Whitehorse, Yukon – Supported salmon migration

We are continuing on the Klondike Highway north, from BC back to Yukon. The Carcross Desert, one of the numerous “North America’s smallest deserts” isn’t really a desert. It is neither particularly hot, nor cold, and not even dry. But there are a couple of sand dunes partially overgrown with grass, bushes and trees that offer a good subject for photo. The sand comes from ancient glaciers that ground stones to dust and that has been blown over here. Some kilometres further at Emerald Lake I learn that even limestone sediment at the lake bottom in the form of calcium carbonate can cause water’s green shade.

Back on the Alaska Hwy we first turn north not to miss Whitehorse. 24,500 inhabitants, about 75 % of Yukon’s entire population, live in its capital. The city’s name comes from the rapids in Miles Canyon that reminded the former prospectors of the fluttering mane of a white horse. Schwatka Lake reservoir permanently increased water level in the canyon and made the rapids disappear. But it is still an experience to look from the small suspension bridge how Yukon River’s forest green waters squeeze through the dark red-brown vertical rock faces.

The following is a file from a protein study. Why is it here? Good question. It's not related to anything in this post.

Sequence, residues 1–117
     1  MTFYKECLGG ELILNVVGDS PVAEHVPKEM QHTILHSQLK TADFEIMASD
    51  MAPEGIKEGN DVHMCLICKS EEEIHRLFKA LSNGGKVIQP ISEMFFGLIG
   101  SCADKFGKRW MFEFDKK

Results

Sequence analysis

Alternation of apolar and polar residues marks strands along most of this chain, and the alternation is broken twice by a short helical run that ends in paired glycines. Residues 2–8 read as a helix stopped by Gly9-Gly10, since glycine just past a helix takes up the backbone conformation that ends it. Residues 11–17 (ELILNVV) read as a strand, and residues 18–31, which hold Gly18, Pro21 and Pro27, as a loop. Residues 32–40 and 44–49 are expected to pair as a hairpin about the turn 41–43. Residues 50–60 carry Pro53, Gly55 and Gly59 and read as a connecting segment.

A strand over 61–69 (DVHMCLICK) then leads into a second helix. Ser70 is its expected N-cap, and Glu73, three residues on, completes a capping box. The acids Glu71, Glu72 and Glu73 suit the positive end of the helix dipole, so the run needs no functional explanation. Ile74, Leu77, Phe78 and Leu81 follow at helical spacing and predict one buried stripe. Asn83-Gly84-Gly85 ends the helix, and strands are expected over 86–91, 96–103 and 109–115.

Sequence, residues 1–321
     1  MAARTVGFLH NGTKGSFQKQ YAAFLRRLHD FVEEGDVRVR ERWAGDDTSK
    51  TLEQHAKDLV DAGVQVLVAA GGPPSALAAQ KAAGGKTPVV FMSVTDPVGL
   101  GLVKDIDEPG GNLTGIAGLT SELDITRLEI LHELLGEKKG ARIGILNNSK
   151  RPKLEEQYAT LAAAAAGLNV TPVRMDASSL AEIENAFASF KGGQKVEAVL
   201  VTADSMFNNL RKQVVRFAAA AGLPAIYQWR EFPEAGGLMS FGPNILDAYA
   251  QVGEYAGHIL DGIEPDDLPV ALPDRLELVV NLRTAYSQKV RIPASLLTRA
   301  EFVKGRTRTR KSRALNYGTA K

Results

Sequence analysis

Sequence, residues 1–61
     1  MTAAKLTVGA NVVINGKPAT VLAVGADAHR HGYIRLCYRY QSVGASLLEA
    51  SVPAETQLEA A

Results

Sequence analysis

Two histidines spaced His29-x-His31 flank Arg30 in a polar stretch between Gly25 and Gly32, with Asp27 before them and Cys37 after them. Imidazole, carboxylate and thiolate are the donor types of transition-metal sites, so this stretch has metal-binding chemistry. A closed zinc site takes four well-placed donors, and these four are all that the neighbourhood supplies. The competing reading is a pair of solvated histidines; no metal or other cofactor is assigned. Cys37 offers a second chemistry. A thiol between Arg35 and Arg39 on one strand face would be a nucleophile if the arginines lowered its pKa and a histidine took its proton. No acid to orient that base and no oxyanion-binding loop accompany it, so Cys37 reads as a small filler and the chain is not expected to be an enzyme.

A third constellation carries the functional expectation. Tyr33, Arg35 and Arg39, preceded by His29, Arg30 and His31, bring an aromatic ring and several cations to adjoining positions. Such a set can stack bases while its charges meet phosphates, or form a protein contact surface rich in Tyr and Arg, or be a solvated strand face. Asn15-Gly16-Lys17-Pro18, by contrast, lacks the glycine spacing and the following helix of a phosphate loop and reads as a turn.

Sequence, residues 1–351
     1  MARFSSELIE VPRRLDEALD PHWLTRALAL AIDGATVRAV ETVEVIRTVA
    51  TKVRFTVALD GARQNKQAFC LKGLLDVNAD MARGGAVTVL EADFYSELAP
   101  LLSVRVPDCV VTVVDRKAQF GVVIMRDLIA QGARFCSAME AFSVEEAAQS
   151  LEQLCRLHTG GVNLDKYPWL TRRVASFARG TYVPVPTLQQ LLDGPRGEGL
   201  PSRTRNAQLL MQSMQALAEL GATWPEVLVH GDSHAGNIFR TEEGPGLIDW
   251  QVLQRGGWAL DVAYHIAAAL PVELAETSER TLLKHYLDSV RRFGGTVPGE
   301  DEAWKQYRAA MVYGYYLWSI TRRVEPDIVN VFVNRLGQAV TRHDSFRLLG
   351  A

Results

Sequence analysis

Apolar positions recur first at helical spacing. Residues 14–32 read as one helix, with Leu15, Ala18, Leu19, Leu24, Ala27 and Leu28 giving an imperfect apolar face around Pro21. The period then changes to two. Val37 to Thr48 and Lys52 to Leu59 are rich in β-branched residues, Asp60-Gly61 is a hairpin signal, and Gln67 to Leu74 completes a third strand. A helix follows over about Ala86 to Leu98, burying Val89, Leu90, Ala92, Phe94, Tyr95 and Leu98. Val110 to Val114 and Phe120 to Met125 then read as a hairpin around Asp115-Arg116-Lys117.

Schwatka Lake dam causes a completely different problem: It obstructs salmon migration. To surmount the 20 m height difference the world’s longest wooden fish ladder with 165 m – that’s what is said – was built. As soon as the fishes enter the ladder the constant contercurrent encourages them to continue swimming. Windows were set in the side panel of the fish ladder not only to allow visitors to glance at the upstream moving salmon. Closing some bars the animals are caught for few minutes to identify and count them.

We are following Alaska Hwy south to Jakes Corner, where we are heading into 100 km long Atlin dead end. Atlin Lake is British Columbia’s largest natural lake and known for its beautiful scenery. In Atlin town adjoin another 24 km unpaved lake road. Right before it ends, between 2nd and 3rd recreational area, you find on your left hand side the Public Warm Springs that rise from a shallow natural pond. The water is warm with nearly 30°C, but with 8° outside even Joerg’s enthusiasm for a bath is limited. It isn’t good for more than the legs.

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